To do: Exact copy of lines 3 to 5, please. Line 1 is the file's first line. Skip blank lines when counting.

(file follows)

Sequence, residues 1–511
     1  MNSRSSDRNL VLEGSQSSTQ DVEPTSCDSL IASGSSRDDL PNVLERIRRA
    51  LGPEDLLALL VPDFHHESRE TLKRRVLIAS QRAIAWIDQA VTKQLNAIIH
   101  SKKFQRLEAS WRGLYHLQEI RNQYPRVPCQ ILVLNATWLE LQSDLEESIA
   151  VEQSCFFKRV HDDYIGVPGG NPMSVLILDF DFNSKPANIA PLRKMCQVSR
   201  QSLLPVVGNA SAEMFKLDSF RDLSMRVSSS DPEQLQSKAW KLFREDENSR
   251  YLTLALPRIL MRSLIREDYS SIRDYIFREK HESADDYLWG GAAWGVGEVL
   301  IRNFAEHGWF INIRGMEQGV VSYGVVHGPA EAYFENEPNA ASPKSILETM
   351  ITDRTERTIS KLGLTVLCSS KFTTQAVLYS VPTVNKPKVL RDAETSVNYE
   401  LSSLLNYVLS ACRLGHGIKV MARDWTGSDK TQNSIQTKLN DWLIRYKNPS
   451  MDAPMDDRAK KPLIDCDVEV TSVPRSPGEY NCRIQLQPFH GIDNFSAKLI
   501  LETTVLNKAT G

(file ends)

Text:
    51  LGPEDLLALL VPDFHHESRE TLKRRVLIAS QRAIAWIDQA VTKQLNAIIH
   101  SKKFQRLEAS WRGLYHLQEI RNQYPRVPCQ ILVLNATWLE LQSDLEESIA
   151  VEQSCFFKRV HDDYIGVPGG NPMSVLILDF DFNSKPANIA PLRKMCQVSR